November 1 2014 Latest news:
Wednesday, August 6, 2014
A Multiple Sclerosis sufferer from north Norfolk, who used a financial device to allow him to continue fraudulently claiming more than £75,000 benefits in Wales, has been given a suspended prison sentence.
Stuart Rose, 67, of Woodrow Avenue, in Holt, admitted seven charges of benefit fraud totalling more than £75,482, when he appeared at Merthyr Tydfil Crown Court via a video link from Norfolk on August 1.
The charges of benefit fraud within Powys, in Wales, dated from March 1 2002 until April 30 2010.
They included failing to notify Powys County Council of a change of circumstances between April 1 2002 and April 30 2002 at Ithon Road in Llandrindod Wells, in that he failed to declare capital savings which would have affected his claim for housing benefit and council tax benefit.
He was also charged with three offences of dishonestly making a false statement to obtain benefits, at Welshpool between March 1 2002 and March 31 2008, when he obtained housing benefit and council tax benefit, and at Llandrindod Wells between March 1 2008 and March 31 2008, when he obtained Pension Credit Benefit, and between February 1 2002 and April 11 2002 at Llandrindod Wells, when he claimed Income Support and failed to declare capital savings.
The three fraud charges relate to incidents in Ystradgynlais from April 1 2008 and April 30 2010, when a claim for social care services and residential nursing care to Powys County Council contained untrue and misleading information.
Prosecuting, Lowrie Wynn-Morgan said on November 23 2001, Rose moved into Powys and made an application for housing benefit and council tax benefit. He said he was getting income support and disability benefits and had limited capital.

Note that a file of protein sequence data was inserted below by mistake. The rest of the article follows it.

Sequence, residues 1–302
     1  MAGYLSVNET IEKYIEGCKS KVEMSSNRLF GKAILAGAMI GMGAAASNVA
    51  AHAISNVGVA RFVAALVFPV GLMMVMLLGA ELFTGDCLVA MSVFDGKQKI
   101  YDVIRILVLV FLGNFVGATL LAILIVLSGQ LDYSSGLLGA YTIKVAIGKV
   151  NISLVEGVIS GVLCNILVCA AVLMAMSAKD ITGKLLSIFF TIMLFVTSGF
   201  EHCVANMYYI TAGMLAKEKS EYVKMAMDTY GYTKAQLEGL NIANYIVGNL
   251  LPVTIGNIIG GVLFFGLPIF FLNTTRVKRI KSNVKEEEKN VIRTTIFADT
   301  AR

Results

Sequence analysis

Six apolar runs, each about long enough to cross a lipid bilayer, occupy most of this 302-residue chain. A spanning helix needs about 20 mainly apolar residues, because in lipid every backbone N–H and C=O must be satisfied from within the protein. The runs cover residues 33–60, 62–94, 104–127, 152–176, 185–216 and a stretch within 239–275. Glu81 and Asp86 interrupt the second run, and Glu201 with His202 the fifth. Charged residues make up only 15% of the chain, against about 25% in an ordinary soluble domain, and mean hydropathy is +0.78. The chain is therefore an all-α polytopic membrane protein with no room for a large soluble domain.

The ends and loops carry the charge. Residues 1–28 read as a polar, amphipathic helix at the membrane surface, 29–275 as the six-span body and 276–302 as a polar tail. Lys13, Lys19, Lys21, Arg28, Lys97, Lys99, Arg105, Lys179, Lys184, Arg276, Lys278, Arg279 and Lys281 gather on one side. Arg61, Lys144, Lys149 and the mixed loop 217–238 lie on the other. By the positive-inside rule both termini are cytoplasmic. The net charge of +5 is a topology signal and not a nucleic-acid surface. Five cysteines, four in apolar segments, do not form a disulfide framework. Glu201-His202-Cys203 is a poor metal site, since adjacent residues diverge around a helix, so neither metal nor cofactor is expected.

In March 2008 he was entitled to pension credit and his claim for benefits continued according to the information he declared to the Department of Works and Pension.
In February 2013, as a result of information received, Powys County Council launched an investigation which revealed that Rose had inherited £40,000 in February 2002, which he had not declared.
He said he had loaned £39,000 in 2002 to a trust he created and he said he had some savings but failed to declare he had £17,000 of bonds.
In April 2013 he was interviewed and confirmed that he had failed to declare this capital or to notify the authorities of a change of circumstances over 10 years.
The total amount overpaid including housing and council tax benefits, pension credit, income support, payments for care services and disability benefits was £75,482.94p.
Defending, Mr Clair said Rose was 67 years old and this is was first conviction. He said some of the overpaid money had been repaid, believed to be about £30,000.
Mr Clair said Rose had suffered with MS for 30 years and had experienced a rapid decline in his health in the last year so he had been wheelchair bound for eight months and needed hoisting and help with daily needs. He said it would be a challenge to meet his needs in prison.
Judge recorder Richard Williams said the court had to take a merciful course as far as sentencing because of Rose’s health issues and he gave him a prison sentence of eight months but suspended it for 12 months.
No community requirements were imposed and a confiscation hearing for the rest of the overpaid money is due to take place at Merthyr Tydfil Crown Court on August 29.